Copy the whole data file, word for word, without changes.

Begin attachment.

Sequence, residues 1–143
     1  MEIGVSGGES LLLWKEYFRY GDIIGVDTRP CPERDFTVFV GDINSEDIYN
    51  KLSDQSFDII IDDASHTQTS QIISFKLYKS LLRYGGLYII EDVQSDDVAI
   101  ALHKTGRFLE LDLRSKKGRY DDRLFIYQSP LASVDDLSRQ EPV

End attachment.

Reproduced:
Sequence, residues 1–143
     1  MEIGVSGGES LLLWKEYFRY GDIIGVDTRP CPERDFTVFV GDINSEDIYN
    51  KLSDQSFDII IDDASHTQTS QIISFKLYKS LLRYGGLYII EDVQSDDVAI
   101  ALHKTGRFLE LDLRSKKGRY DDRLFIYQSP LASVDDLSRQ EPV